The ECB remains determined to continue its chosen path to bring net QE to an end in December
No change today
No changes from the ECB and President Mario Draghi. As expected the European Central Bank sticks to its autopilot to bring net QE purchases to an end in December. It didn't deviate from its earlier language and looks highly determined to continue with its strategy, chosen in June.
What Draghi said
Some noteworthy comments by ECB president Mario Draghi during the press conference:
- risks to the growth outlook are balanced. With the latest stock market correction and dropping confidence indicators, some market participants had been speculating on some changes in the ECB’s assessment. Wrongly so. Draghi gave a good overview of the ECB’s take on the Eurozone economy. According to Draghi, the ECB acknowledged a somewhat weaker momentum in the Eurozone but still positive output gaps, positive domestic demand and pro-cyclical fiscal policies plus several country-specific temporary factors. Draghi, in our view, rightly so reiterated that the Eurozone was currently experiencing a weaker momentum but not a downturn.
- the expected pick-up in core inflation. Draghi stressed increasing negotiated wages in several countries, an expanding but tightening labour market and high capacity utilization rates were at the basis of the ECB’s expectation of a gradual increase in underlying inflation.
- Italy is a fiscal issue. Obviously, Draghi was asked about Italy. Also, obviously, Draghi did not come up with any surprising comments. According to him, Italy was mainly a fiscal issue, the European Commission not the ECB was the Guardian of the Treaty and higher interest rates reduce the room to expand the budget.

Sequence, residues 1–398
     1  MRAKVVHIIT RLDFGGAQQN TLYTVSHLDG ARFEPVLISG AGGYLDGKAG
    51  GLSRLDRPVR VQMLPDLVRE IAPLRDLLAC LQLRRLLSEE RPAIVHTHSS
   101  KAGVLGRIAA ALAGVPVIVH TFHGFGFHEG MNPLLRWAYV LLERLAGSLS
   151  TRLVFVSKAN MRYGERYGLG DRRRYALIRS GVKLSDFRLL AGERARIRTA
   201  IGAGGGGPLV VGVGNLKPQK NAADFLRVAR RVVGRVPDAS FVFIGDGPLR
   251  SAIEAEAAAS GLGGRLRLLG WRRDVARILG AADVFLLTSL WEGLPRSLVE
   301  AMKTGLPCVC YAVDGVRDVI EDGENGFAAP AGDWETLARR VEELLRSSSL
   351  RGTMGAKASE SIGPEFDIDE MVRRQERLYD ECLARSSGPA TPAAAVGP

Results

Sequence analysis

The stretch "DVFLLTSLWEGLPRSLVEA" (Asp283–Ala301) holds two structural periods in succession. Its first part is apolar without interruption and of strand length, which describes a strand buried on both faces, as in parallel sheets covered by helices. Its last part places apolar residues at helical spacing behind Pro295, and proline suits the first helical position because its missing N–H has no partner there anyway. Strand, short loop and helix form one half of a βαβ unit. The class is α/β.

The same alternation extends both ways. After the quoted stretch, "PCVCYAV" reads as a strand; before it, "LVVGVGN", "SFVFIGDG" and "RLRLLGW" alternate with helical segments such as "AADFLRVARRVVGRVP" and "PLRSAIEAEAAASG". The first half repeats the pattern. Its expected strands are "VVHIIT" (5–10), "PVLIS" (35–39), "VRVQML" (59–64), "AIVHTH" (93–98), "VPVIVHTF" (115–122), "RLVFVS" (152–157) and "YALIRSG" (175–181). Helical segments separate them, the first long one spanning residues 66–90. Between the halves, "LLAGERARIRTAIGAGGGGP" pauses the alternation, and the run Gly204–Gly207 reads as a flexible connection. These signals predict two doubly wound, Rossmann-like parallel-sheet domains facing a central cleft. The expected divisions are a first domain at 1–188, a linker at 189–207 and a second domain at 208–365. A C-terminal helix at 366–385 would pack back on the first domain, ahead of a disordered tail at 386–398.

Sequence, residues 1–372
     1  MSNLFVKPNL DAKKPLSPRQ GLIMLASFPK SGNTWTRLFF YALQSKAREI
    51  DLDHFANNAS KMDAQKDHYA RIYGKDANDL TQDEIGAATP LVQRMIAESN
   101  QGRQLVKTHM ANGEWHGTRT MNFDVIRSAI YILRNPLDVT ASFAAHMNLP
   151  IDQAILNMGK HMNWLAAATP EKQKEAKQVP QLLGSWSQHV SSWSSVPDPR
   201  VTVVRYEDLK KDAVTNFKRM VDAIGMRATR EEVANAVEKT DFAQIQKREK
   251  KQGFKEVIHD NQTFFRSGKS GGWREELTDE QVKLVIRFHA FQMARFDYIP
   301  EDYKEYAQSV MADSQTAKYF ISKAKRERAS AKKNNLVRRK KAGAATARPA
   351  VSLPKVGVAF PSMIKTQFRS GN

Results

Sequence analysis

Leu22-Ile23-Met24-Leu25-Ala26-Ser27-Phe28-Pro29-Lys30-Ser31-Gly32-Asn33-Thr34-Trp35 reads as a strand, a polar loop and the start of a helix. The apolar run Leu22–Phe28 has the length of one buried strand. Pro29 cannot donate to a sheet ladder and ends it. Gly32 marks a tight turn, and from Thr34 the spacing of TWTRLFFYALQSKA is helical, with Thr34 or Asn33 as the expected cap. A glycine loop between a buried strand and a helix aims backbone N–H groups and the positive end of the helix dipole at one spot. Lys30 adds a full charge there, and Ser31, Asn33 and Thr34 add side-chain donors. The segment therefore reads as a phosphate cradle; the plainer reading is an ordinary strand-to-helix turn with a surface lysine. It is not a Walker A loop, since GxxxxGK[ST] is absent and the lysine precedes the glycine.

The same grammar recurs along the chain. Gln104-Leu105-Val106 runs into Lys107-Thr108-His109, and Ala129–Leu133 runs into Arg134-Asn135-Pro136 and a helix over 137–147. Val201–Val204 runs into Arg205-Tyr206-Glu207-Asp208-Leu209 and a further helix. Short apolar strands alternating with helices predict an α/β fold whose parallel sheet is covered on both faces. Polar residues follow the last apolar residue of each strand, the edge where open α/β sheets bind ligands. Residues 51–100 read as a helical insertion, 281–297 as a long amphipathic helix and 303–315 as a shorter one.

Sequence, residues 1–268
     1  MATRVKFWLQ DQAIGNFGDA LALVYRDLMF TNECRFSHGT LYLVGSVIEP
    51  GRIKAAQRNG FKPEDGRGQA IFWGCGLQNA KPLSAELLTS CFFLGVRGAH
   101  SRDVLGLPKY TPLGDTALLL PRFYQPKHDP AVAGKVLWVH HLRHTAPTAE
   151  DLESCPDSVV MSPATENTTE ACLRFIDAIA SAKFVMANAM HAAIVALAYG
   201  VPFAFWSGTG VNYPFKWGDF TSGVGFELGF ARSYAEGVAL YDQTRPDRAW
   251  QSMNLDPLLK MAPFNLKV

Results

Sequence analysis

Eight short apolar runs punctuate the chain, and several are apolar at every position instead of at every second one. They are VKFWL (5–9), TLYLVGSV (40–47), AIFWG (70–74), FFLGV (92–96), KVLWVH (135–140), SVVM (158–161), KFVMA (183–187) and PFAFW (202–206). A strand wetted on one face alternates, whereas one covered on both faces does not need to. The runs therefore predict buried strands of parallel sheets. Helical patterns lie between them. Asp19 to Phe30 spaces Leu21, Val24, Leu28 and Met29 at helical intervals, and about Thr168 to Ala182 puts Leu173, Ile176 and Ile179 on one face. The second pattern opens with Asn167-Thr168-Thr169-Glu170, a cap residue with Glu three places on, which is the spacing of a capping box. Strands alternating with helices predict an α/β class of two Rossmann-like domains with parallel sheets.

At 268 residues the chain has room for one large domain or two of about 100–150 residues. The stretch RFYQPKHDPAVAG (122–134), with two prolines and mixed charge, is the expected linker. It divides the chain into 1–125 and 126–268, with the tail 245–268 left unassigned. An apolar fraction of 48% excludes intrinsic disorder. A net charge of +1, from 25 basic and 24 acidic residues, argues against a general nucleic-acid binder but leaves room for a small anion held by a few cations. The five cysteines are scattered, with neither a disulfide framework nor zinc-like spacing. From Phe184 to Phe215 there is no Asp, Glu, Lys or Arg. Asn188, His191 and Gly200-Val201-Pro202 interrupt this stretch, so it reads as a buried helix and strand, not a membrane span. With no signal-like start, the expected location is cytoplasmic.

The year ahead
All of these comments demonstrate that the ECB remains highly determined to bring net asset purchases to an end at the December meeting. It would require a severe downturn of the economy, not only weaker momentum, in the coming six weeks for the ECB to alter its course.
Looking beyond December, however, weaker growth and the lack of higher underlying inflation could in our view still lead to currently unexpected changes in the ECB’s monetary policy. Just think of the length of QE reinvestments, new TLTROs (already mentioned by two ECB members today) and forward guidance on interest rates. With every new disappointing data releases, the probability increases that the ECB will fine-tune the non-QE tools. At the same time, chances that Draghi could deliver at least one rate hike before leaving office decrease. But this will be 2019’s story.
For this year, the autopilot should remain the main story. The ECB’s autopilot to bring net QE purchases to an end. Not very exciting for markets and ECB watchers but highly effective.